The Wallenberg Seminar, designed in cooperation with the staff of the Auschwitz-Birkenau State Museum, offered an innovative combination of interactive tours, presentations of Holocaust memorialization programs from each country attending, and lectures by leading experts in Holocaust memorialization and education. Using Auschwitz as a central motif, instructors focused on trends during the Holocaust, as well as recurring themes in memorialization, in order to introduce and address key challenges in Holocaust education and memorialization today. Instruction topics were as follows:

“Jews in Contemporary European Memories: The Sociology of Anti-Semitism,” lecture and discussion by Prof. Slawomir Kapralski, Warsaw School of Social Sciences and Humanities

“Coming Out of Amnesia in Europe: The Holocaust in Philosophy, Nonformal Education, and Art,” lecture and discussion by Dr. Jolanta Ambrosewicz-Jacobs, Center for Holocaust Studies, Jagiellonian University

“Polish Collective Memory of the Holocaust,” lecture and discussion by
Dr. Annamaria Orla-Bukowska, Institute of Sociology, Jagiellonian University

“The Relevance of Holocaust Studies Today,” lecture and discussion by
Prof. Michael Berenbaum, American Jewish University

“Structures of Memory: Auschwitz and the Holocaust in Literature,” lecture and discussion by
Alicja Bialecka, ICEAH, Auschwitz-Birkenau State Museum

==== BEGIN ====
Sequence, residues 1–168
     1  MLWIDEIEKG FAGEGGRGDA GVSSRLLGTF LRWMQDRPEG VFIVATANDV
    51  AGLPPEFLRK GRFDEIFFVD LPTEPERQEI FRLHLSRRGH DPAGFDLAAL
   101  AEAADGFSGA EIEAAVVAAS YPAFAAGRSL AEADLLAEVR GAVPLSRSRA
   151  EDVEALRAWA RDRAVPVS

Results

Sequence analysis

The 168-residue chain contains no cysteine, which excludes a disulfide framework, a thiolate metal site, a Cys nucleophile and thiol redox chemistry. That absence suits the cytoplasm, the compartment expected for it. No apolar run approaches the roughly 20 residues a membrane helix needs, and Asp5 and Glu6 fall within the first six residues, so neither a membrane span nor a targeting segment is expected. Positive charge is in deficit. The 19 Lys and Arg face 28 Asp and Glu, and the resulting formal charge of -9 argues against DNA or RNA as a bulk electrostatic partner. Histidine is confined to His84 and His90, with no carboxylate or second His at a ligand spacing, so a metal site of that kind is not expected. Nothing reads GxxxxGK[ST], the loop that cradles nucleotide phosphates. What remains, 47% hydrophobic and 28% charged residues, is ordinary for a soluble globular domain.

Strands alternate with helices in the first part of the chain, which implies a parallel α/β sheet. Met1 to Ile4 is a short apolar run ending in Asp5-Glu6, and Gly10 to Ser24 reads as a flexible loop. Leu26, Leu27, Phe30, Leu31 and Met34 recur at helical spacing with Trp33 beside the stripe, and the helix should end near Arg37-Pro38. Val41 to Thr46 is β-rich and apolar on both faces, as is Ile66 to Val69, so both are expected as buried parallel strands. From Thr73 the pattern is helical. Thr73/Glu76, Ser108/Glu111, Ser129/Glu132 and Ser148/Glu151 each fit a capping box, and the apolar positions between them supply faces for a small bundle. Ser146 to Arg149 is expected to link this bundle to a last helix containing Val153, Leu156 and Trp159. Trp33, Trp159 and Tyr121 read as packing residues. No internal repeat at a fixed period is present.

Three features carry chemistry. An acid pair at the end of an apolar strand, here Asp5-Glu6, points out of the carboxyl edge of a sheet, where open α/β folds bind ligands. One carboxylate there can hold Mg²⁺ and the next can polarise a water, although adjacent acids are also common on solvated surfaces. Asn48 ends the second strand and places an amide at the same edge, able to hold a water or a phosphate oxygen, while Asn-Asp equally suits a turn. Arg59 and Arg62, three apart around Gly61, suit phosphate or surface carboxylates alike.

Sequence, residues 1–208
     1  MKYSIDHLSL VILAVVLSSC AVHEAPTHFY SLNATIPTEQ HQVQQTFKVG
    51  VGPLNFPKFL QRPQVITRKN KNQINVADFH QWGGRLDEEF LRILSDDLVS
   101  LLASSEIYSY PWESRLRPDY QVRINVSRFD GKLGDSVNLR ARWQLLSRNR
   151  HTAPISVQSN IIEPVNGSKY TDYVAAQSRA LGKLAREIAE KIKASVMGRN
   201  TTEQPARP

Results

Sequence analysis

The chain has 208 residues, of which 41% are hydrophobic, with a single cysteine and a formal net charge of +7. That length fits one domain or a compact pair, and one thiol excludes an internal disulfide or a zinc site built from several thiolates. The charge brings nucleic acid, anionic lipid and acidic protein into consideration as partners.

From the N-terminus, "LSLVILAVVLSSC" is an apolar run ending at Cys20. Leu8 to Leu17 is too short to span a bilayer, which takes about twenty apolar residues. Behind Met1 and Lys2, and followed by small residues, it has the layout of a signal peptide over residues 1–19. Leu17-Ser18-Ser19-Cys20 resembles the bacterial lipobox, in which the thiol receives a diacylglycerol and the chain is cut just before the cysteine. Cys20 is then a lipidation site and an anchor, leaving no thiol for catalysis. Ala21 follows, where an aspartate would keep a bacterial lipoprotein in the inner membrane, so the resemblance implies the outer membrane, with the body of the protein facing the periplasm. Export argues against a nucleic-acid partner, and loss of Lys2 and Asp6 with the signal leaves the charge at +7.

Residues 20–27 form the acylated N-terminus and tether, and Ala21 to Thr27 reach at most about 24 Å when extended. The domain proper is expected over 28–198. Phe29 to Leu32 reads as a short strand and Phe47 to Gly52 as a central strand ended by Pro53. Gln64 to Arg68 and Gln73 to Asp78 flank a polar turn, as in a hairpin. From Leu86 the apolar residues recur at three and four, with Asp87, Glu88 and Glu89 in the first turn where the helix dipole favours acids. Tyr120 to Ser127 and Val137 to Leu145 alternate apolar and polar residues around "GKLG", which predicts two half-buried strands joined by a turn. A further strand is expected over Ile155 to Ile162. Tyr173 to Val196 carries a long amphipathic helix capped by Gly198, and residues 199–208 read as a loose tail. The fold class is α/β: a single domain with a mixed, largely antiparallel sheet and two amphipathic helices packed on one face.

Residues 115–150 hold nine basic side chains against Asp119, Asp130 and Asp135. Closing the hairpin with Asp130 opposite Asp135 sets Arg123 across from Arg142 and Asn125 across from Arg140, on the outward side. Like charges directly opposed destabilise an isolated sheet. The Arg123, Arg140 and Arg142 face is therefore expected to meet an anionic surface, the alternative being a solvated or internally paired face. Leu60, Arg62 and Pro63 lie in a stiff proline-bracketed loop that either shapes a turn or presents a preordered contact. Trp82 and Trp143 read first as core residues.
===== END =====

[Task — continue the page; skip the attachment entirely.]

“The Art of Commemoration,” lecture and discussion by
Teresa Swiebocka, deputy director, Auschwitz-Birkenau State Museum

“Representations of Auschwitz,” lecture and discussion by
Prof. Marek Kucia, Institute of Sociology, Jagiellonian University

“Auschwitz and the Holocaust in Films: Educational Implications,” lecture by
Dr. Piotr Trojanski, Institute of History, Pedagogical University of Krakow

“Auschwitz as a Concentration Camp and a Center of Genocide of European Jewry,” opening lecture and discussion by
Dr. Piotr Setkiewicz, Historical Department, Auschwitz-Birkenau State Museum

Participants

Lemkin Seminars bring together policymakers and NGO activists — identified through their ambassador to the United Nations or their government’s executive branch — who have demonstrated the following characteristics:

  • intellectual capacity;
  • leadership skills; and,
  • passion for the subjects of human rights and rule of law.

The Wallenberg Seminar assembled 21 participants from 13 countries: Argentina, Austria, Azerbaijan, Belgium, Bosnia, Croatia, Cyprus, Hungary, Macedonia, Poland, Romania, Serbia, and the United States, including:

  1. Rauf Pashayev, Azerbaijan
  2. Wouter Brauns, Flemish community, Belgium
  3. Nico Wouters, Flemish community, Belgium
  4. Karina Chabowska, Poland
  5. Alberto Sileoni, Argentina
  6. Federico Lorenz, Argentina
  7. Christoph Bazil, Austria
  8. Ildiko Laszak, Hungary
  9. Mihaly Riszovannij, Hungary
  10. Morgan Blum, United States
  11. Drazen Visnjic, Republika Srpska/Bosnia
  12. Dusan Pavlovic, Republika Srpska/Bosnia
  13. Ana Barbulescu, Romania
  14. Laura Degeratu, Romania
  15. Rajka Bucin, Croatia
  16. Kristijan Gotic, Croatia
  17. Nathalie Nyst, French community, Belgium
  18. Milenko Djuricic, Serbia
  19. Ivan Manojlovic, Serbia
  20. Rahamin Mizrahi, Macedonia
  21. Yiannis Economides, Cyprus

The Wallenberg Seminar produced a network of scholars committed to enhancing the quality of Holocaust memorialization and education programs developed in their ministries. For more information about the Wallenberg Seminar, contact info@auschwitzinstitute.org.